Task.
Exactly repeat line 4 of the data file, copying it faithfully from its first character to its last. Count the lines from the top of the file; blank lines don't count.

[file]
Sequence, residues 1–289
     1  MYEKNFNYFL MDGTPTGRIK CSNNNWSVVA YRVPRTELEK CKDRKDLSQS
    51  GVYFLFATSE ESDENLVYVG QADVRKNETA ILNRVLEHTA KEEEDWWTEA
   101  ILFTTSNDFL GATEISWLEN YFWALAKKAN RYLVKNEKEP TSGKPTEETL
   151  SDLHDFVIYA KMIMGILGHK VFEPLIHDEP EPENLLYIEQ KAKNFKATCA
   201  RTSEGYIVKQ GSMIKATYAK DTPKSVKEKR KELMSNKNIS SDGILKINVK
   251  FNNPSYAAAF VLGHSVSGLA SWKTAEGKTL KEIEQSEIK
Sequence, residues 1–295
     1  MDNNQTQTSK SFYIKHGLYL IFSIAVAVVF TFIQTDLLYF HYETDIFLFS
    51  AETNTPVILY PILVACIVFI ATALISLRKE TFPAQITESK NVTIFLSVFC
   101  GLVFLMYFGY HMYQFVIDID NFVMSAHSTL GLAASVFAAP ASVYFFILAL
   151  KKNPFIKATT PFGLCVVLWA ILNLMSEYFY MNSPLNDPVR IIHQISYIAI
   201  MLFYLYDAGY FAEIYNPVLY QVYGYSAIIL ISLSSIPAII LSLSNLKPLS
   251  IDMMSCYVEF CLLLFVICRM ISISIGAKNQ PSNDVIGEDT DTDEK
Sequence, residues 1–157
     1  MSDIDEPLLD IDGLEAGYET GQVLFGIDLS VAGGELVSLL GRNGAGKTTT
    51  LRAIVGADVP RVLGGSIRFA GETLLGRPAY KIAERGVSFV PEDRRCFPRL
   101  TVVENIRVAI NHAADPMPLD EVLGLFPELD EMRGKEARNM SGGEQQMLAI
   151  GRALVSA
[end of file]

   101  ILFTTSNDFL GATEISWLEN YFWALAKKAN RYLVKNEKEP TSGKPTEETL